The creatures, the countryside and its enchanting details, the smell of the palette – by and large, this jigsaw of childhood experiences pieces together Beatrix Potter’s early adult portrait. That same leaning toward science that she practised in dissections and anatomical drawings, also led her into botany; look at the rich and accurate flora alongside her rabbits and pigs and foxes.
Several years ago, an Irish agricultural scientist, Fionnbhar O’Riordain, alerted me to the game of finding where mushrooms appear in Beatrix Potter, because she had served a self-taught but distinguished apprenticeship to mycology. He described her botanical work as “brilliant,” and authenticated his faith in her by making slides of her drawings.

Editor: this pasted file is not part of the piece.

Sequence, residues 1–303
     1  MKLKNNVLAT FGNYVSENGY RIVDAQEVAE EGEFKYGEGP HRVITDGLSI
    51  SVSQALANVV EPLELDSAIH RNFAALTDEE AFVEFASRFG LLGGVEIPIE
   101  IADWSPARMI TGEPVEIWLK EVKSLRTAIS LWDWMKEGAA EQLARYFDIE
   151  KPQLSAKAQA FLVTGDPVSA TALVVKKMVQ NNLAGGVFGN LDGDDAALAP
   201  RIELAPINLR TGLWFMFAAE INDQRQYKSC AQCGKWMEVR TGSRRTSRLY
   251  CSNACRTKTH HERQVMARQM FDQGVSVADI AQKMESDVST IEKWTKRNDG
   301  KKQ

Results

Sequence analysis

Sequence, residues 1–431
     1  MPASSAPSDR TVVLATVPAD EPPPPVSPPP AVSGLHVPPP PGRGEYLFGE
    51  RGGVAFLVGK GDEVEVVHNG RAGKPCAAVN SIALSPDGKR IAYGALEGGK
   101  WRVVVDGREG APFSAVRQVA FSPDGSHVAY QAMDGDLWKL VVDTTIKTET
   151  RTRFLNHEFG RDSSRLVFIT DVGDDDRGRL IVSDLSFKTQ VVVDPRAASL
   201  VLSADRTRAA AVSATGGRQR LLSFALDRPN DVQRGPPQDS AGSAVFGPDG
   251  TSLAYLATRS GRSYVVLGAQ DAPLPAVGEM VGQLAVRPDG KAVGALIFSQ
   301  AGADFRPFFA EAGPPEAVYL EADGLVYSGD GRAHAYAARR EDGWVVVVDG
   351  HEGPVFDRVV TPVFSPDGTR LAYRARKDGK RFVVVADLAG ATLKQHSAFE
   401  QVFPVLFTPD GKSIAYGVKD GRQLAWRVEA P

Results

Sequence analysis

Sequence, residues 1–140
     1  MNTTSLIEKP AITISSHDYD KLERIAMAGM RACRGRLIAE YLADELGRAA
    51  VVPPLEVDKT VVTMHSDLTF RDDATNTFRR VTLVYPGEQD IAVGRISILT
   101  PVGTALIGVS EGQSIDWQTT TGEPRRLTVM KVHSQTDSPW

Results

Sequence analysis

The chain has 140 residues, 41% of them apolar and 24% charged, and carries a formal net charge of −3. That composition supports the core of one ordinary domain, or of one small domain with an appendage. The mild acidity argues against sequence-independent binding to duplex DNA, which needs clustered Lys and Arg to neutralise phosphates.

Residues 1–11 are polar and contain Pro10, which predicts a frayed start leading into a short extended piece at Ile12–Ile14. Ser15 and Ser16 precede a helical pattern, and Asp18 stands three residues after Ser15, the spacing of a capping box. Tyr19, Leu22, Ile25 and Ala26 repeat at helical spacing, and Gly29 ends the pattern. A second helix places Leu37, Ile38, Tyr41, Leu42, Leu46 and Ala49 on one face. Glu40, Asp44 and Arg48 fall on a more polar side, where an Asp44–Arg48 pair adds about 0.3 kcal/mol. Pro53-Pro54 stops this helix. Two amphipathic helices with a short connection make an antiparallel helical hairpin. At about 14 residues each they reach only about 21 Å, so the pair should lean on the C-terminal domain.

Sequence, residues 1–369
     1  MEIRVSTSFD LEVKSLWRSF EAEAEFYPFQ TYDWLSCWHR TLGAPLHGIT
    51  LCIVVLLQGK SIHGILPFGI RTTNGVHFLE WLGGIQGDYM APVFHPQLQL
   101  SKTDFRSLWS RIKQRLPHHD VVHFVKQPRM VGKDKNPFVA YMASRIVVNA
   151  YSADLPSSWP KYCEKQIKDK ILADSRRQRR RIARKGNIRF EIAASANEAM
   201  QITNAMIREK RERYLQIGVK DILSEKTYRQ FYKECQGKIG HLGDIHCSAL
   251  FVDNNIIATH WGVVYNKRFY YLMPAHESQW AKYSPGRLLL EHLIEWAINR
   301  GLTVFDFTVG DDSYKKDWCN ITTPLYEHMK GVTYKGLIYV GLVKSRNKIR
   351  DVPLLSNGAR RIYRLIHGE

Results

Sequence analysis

A study of Hygrophorus puniceus, one of the many watercolours of mushrooms created by Potter and now residing at the Armitt Musuem – Source (NB: no indication of license on digital copy)
At 31 years of age, she had submitted a scientific paper to the respected Linnean Society in London. The Society’s practice was to have its papers read aloud by other than the…